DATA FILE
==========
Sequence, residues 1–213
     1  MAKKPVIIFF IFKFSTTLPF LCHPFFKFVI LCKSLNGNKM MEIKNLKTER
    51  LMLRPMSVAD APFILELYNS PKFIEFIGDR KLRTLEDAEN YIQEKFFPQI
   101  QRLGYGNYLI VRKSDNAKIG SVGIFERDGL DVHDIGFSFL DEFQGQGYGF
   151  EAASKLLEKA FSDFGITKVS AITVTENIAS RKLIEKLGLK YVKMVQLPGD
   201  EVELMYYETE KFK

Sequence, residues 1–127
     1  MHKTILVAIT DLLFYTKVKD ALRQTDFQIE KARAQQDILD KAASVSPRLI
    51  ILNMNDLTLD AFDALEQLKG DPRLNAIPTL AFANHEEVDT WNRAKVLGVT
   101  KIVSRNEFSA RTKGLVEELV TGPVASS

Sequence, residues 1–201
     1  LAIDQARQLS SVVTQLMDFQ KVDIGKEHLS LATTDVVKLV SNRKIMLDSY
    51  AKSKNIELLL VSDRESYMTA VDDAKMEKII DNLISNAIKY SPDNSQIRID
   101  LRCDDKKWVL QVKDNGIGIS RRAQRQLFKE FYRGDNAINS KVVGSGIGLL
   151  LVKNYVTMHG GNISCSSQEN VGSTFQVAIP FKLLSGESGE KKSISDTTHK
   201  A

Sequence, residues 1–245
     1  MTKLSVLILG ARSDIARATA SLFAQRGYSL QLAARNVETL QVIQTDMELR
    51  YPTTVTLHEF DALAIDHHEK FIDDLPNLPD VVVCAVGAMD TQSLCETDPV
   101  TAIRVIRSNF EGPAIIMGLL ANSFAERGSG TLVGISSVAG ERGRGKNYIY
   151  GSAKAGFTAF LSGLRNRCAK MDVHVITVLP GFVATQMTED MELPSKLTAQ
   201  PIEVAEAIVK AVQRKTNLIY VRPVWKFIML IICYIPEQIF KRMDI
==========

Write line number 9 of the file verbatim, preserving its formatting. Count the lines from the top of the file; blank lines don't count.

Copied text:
    51  ILNMNDLTLD AFDALEQLKG DPRLNAIPTL AFANHEEVDT WNRAKVLGVT